March 5 (Bloomberg) -- European high-yield companies are tapping the U.S. bond market at a record pace as investors funnel unprecedented amounts of cash into dollar-denominated junk-debt funds and the sovereign crisis restricts bank lending in the region.
Issuers led by Germany’s Fresenius Medical Care AG have sold $8.8 billion of the debt in dollars this year, following $16.4 billion in all of 2011, according to Morgan Stanley. The portion of European speculative-grade offerings sold in dollars has soared to 44 percent this year, up from 31 percent in 2011 and double the rate in 2010.
Borrowers in Europe, where politicians are struggling to contain the fiscal contagion that led to the bailouts of Greece, Portugal and Ireland, are seeking lower financing costs by marketing to investors in the U.S. Relative yields on European junk-rated debt average 222 basis points more than on similarly rated U.S. bonds, compared with 77 in 2011, Bank of America Merrill Lynch index data show.
“It stands to reason if you are a European issuer, you are going to look opportunistically to access the most favorable market,” William Hughes, the head of North American leveraged syndicate at Citigroup Inc., said in a telephone interview. “For many issuers that decision has led them to dollar denominated high-yield bonds and leveraged loans.”
Schaeffler AG’s two-part bond offering on Feb. 2 was split between euro and dollar portions, both maturing in five years with coupons of 7.75 percent, according to data compiled by Bloomberg. While the German rolling bearings manufacturer’s 800 million euro slice yields 6.5 percent, its $600 million dollar piece yields 6.1 percent.
Dollar issuance from European high-yield companies may reach $30 billion this year, with most of the proceeds used to repay existing debt, Barclays Capital analysts Sherif Hamid, Gautam Kakodkar and Darpan Harar wrote in a report dated March 2. The total volume is “highly variable,” depending in part on continued investor demand, they wrote.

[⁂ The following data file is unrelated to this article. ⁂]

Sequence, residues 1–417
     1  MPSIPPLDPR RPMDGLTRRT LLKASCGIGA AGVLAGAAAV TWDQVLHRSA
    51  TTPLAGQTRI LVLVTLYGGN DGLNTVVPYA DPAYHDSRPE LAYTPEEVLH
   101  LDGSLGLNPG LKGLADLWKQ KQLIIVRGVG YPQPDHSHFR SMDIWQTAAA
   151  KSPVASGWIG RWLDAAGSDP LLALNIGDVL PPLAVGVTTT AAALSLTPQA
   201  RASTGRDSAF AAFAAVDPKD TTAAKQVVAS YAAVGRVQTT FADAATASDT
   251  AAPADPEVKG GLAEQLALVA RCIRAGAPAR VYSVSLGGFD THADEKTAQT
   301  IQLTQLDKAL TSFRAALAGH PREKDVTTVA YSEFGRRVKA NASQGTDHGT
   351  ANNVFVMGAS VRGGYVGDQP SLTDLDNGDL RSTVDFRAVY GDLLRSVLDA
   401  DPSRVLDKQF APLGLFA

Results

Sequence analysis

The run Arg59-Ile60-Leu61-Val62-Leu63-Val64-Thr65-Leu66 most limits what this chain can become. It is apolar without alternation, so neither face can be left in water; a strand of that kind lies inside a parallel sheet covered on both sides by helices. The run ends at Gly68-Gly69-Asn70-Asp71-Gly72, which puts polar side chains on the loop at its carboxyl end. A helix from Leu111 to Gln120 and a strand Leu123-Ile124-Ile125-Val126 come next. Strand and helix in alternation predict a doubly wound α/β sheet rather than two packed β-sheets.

Elsewhere in credit markets, a benchmark gauge of U.S. company credit risk rose with the Markit CDX North America Investment Grade Index, which investors use to hedge against losses or to speculate on creditworthiness, climbing 1.6 basis points to a mid-price of 95.5 basis points at 11:32 a.m. in New York, according to Markit Group Ltd.
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The index, which typically rises as investor confidence deteriorates and falls as it improves, has climbed from 92.8 on March 1, which was the lowest on a closing basis since July 22. Credit-default swaps pay the buyer face value if a borrower fails to meet its obligations, less the value of the defaulted debt. A basis point equals $1,000 annually on a contract protecting $10 million of debt.
Bonds of Fairfield, Connecticut-based General Electric Co. are the most actively traded U.S. corporate securities by dealers today, with 42 trades of $1 million or more as of 11:35 a.m. in New York, according to Trace, the bond-price reporting system of the Financial Industry Regulatory Authority.
The two-year interest-rate swap spread, a measure of debt market stress, rose 1 basis point to 25.69 basis points as of 11:32 a.m. in New York. The gauge, which widens when investors seek the perceived safety of government securities and narrows when they favor assets such as corporate bonds, has climbed from 24.69 on March 2, the lowest since Aug. 11.